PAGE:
One of Aiken's most prominent Christmas traditions is a work in progress this weekend, with plans coming together for Millbrook Baptist Church's annual offering of music, drama and ministry.

The Living Christmas Trees program, set this year for Dec. 7 and 8, reaches back to 1978. It was dormant from 2012 to 2017 but returned a year ago. This year's theme is "Christmas Down Memory Lane," and the Rev. Bill Howard, the congregation's worship pastor, is helping lead the charge.

The troops include about 120 singers and an orchestra with more than 50 musicians. Actors are also part of the mix.

"Putting something together like this, there's probably close to 350-400 people involved," said Howard, adding that plans are for 1,700 audience members per presentation.

Dozens of other volunteers focus on such areas as carpentry, metalwork, decorations, sound, greenery and lighting.

"Everything we hear from people is that it's a blessing," said Diane Atkinson,  the congregation's worship assistant. "Even the people that are in it are just blessed by being in it; and if there's one person that comes to Christ for it, it makes everything worth it."

Four-legged performers are also part of the mix. Back on board this year is Eudora Farms, in Salley, which provided a variety of animals for the 2018 performances, and allowed – with the weather's cooperation – interaction with the camel, sheep, cattle and a donkey, in a petting-zoo environment during the hour before each show.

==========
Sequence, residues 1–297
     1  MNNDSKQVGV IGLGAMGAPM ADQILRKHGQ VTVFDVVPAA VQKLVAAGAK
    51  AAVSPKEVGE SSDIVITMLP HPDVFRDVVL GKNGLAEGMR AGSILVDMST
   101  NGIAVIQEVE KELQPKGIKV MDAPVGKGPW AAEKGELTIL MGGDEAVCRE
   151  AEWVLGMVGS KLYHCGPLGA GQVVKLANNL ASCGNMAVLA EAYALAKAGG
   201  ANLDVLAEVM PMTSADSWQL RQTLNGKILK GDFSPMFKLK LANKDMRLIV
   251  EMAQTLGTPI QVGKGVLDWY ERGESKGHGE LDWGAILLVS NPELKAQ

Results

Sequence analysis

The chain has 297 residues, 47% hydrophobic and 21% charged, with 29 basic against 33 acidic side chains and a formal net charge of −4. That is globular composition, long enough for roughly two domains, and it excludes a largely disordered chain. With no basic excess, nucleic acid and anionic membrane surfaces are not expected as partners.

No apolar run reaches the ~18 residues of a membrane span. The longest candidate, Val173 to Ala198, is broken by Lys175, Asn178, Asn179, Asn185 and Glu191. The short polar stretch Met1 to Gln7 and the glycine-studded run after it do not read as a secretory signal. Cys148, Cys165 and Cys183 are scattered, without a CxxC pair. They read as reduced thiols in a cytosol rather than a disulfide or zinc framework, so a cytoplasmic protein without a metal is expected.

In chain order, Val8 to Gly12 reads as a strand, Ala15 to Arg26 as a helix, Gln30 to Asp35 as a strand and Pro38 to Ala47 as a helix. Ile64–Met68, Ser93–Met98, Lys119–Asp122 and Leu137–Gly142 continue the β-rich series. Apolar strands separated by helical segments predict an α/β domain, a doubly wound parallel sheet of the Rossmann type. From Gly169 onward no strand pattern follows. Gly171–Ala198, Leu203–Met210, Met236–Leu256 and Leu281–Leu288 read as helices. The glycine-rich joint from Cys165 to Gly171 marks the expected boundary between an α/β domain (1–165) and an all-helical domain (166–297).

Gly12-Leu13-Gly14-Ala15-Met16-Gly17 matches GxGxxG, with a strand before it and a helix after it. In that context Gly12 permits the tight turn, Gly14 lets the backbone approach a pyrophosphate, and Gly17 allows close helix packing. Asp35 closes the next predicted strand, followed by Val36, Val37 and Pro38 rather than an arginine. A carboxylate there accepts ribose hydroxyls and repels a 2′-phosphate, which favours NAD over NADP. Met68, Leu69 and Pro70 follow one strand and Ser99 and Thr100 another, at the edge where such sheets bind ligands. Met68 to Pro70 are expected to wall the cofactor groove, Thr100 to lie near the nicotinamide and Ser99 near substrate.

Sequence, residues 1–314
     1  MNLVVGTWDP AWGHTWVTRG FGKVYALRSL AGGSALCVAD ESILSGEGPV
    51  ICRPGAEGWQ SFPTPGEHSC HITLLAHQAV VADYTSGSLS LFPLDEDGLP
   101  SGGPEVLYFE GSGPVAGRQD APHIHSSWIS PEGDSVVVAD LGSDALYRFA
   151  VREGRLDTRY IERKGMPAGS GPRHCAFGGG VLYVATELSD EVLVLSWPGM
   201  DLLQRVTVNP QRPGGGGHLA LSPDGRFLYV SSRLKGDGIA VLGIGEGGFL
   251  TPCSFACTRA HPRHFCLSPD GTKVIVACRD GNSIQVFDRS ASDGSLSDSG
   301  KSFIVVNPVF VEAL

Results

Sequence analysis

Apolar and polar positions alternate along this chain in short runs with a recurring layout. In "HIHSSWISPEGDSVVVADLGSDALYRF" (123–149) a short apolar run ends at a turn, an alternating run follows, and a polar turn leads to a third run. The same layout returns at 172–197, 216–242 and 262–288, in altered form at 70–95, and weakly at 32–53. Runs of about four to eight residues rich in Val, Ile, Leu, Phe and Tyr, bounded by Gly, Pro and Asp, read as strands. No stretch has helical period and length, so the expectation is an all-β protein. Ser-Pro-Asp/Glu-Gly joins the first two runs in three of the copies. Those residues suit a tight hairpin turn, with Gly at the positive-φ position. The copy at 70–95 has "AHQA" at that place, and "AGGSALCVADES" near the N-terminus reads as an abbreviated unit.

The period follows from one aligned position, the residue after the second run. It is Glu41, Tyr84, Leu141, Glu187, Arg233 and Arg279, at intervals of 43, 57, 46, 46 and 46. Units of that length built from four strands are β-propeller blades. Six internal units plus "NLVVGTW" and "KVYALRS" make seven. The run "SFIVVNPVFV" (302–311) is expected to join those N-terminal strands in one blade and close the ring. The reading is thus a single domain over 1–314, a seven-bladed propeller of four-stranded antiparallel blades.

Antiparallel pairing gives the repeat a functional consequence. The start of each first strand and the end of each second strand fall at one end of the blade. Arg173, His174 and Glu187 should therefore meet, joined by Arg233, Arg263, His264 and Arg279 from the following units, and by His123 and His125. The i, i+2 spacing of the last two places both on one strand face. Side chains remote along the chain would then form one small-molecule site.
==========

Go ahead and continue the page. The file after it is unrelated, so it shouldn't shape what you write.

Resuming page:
"It starts in the summertime, when you're looking at music," Atkinson said. "We try to bring in the secular section, to draw people in from the community. We've had Santa Claus. We've had Frosty. We've had different things like that, but as far as the story of the birth of Christ, there's really only so many ways you can tell that story, so we try to really stick to the biblical ways and the true story, and not add in our part of it."

Atkinson's memories include a few major challenges involving the trees. "It's been a success from day one. The main difference is the way it's constructed. I mean, the early years, it had live greenery. It had live magnolia leaves – stuff like that – and so we would do seven presentations. Usually, by presentation number three, we would have people dropping out because of allergies, because the mold would start growing on the real greenery," she said.

A decision to buy artificial greenery helped resolve that problem, and also eliminated the annual need to weave live greenery into chicken wire and then, a few days later, separate the two elements once the presentations were complete.

The problem of excessive heat from strings of old-fashioned light bulbs has also been conquered by way of LED bulbs. "We would have fans under the trees to blow air up in the trees, so people wouldn't pass out from the heat," Atkinson recalled.  

This year's presentations are scheduled for Dec. 7 (2 p.m. and 6 p.m.) and Dec. 8 (6 p.m.)

Admission is free, but tickets are required, and a waiting list has been established due to all tickets having already been distributed. Tickets, however, are sporadically returned, and can be acquired through the church office, at (803) 648-4167. Details are available at

Bill Bengtson is a reporter for the Aiken Standard and North Augusta Star.